Many private pensions schemes can now be inherited by cohabiting partners by simply stating your next of kin in the death benefit nomination forms, however the UK state pension system is different and entirely based around legal marriage or civil partnership.
In the UK over six million people are living together as couples, but the UK pensions and benefits system is based exclusively around legal marriage and more recently civil partnerships.
Recently, the UK Government has been successfully challenged in the courts about discrimination against cohabiting couples in the National Insurance system, but both judgments related to the specific case of bereavement benefits for people of working age.
The 1st defeat for the Government was in August 2018 when an unmarried mother of four successfully challenged the government over its refusal to pay the old ‘widowed parents allowance’ because she was not married to her partner.
The Supreme Court found against the Government, but the Government failed to take any action in response.
Subsequently, a 2nd court case was brought by the Child Poverty Action Group on behalf of two bereaved fathers who had been refused the new Bereavement Support Payment because they were not married to their partners.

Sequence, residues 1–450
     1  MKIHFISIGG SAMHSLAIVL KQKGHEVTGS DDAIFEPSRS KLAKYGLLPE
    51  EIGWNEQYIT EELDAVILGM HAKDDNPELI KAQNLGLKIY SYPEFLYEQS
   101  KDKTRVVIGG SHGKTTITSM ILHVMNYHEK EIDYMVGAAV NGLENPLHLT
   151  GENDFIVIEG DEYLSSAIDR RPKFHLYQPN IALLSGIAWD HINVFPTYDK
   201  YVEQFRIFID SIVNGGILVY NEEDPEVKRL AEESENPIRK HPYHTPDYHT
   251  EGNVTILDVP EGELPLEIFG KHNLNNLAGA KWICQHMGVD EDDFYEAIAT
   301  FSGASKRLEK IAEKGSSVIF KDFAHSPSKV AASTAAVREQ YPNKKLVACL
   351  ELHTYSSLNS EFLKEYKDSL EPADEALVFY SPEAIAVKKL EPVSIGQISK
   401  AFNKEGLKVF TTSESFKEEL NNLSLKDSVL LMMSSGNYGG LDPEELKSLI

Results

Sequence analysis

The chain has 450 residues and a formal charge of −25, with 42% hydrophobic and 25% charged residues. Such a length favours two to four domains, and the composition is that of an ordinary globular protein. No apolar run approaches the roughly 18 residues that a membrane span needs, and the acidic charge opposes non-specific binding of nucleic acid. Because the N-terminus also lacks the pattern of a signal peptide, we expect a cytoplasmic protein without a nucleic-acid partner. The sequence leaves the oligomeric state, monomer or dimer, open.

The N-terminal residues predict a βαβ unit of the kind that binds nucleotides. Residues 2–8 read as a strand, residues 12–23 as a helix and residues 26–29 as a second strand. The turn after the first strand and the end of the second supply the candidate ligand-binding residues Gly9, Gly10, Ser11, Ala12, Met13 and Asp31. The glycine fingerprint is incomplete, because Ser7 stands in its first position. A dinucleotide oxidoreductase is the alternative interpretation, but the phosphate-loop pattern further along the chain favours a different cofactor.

In February 2020, the High Court ruled in favour of the two fathers, agreeing that it was discriminatory to exclude them from benefit simply because they were not married.
As recently as March 2020 the Government was planning to appeal against this judgment, but it has now said it will not appeal.
It is likely, that the Government will now come up with proposals to include cohabiting parents into eligibility for bereavement support payments, though nothing has been scheduled yet.
However, there is no news so far that the Government plans to extend the principle of cohabiting to the inheritance of UK state pensions.
The recent court cases were very specifically about the case of bereaved parents and a lot of discussion was around the way in which children were being penalised for the fact that their parents were not married.
If there were to be a legal challenge regarding state pension inheritance it may be that the Government would argue against any change going forward precisely because civil partnership is now an option for opposite sex couples.
The Department of Work and Pensions may argue that since cohabiting couples now have an alternative to marriage which would allow them to be within the confines of inheritance under existing law, there is no need for any further changes to the law.
Therefore, older cohabiting couples may like to consider whether registering a civil partnership would be advisable so that a surviving partner automatically inherits any share of their late partner’s state pension.
But there are still some lingering problems for cohabiting couples when it comes to bereavement pensions in certain occupational pension schemes. A death benefit nomination forms must be in place and kept up to date to ensure any benefits are passed to the nominated person.